We were thinking about the Bataan Death March just the other day because we thought the Democrats’ 2020 primary season was starting to resemble it.
The Death March was the forcible transfer, by the Imperial Japanese Army, of about 70,000 American and Filipino POWs on a long march where prisoners were beaten and at least 5,000 died.
All comparisons are odious, but then we looked and saw that there is already a 2020 Bataan Memorial Death March. It is a marathon through the White Sands Missile Range, in New Mexico, touted as “26 miles of high desert, 26 miles of pure perseverance.”
We do not think there is less of a point to the 2020 Democratic primaries than that.
The Bataan Death March can be said to have begun on April 9, 1942, at the conclusion of the Battle of Bataan, when the Japanese Army had battled the American and Filipino forces into surrender. The fight the Allies put up was not in vain, despite the odds, as it tied down the Japanese long enough to prevent routs elsewhere in the Pacific.
The Democratic primary season can be said to have begun last Monday, at the conclusion of the Pre-Primary Battle of The Debates, in which nothing, apparently, was resolved other than America meeting Andrew Yang, a lovable flake who will – we are going to go out on a limb – never be president. It has not put even a ding in Republican war plans which consist entirely of painting the Democratic candidate as far left.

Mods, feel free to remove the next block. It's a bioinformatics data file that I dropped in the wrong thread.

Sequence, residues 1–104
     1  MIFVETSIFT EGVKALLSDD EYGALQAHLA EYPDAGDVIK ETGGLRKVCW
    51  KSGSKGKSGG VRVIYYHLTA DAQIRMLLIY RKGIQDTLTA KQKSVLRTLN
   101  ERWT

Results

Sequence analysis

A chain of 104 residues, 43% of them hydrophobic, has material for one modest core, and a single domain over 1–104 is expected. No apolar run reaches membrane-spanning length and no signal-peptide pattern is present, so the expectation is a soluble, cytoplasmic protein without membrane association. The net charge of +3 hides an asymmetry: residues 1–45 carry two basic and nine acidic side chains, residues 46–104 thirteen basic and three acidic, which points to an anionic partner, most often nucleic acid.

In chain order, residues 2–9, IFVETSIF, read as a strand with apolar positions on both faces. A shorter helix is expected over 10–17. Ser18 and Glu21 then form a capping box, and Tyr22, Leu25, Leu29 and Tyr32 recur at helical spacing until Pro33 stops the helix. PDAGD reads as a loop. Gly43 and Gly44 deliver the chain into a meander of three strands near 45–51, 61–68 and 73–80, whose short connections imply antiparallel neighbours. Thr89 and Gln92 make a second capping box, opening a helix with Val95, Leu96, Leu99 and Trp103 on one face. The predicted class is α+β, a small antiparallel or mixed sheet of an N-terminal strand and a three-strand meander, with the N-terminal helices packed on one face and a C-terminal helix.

The Bataan Death March followed the largest U.S. surrender since the Battle of Harper’s Ferry in 1862.
The Democratic primaries followed the most confusing time for Democrats since just after they realized Hillary Clinton was supposed to be the only candidate, because it was her turn, in 2016. And then the voters didn’t show up. This year, the candidate only has to not be far left.
At the outset of the Bataan Death March, the Japanese commanding general, Masaharu Homma, was initially presented with the logistical problem of moving so many wounded, sick and half-starved prisoners.
At the outset of the Democratic primary season, the normal Democrats, by which we mean those of long standing or even short standing who did not follow a man who was too far left to be in their party, were initially presented with the logistical problem of getting him and his wounded followers out of it.
The Bataan Death March began with a steely Japanese resolve to disregard the possible opinion of the non-Axis world, because they were all going to be losers.
The 2020 Democratic primary season began with the Iowa caucuses when Iowa Democratic leaders apparently decided to disregard whatever common sense was available to them and conduct horribly botched counting, possibly because they were all going to be losers anyway.
At the beginning of the Bataan Death March, there were a few instances of kindness by Japanese officers, which were quickly subsumed in general brutality.
At the beginning of the Democratic primaries, the supporters of Bernie Sanders were in no mood to offer other Democrats so much as a candy bar, let alone the benefit of the doubt. It was as though the Bataan prisoners split into two factions and began fighting each other for meager rations while their captors laughed and smoked in the shade.
The Japanese Army bothered to turn up for the Death March.
Too many Iowa voters did not for the Democratic caucuses.
The Bataan death March was a war crime.
Based on self-inflicted wounds, the Democratic primaries are beginning to look like one.
But there’s always New Hampshire tomorrow.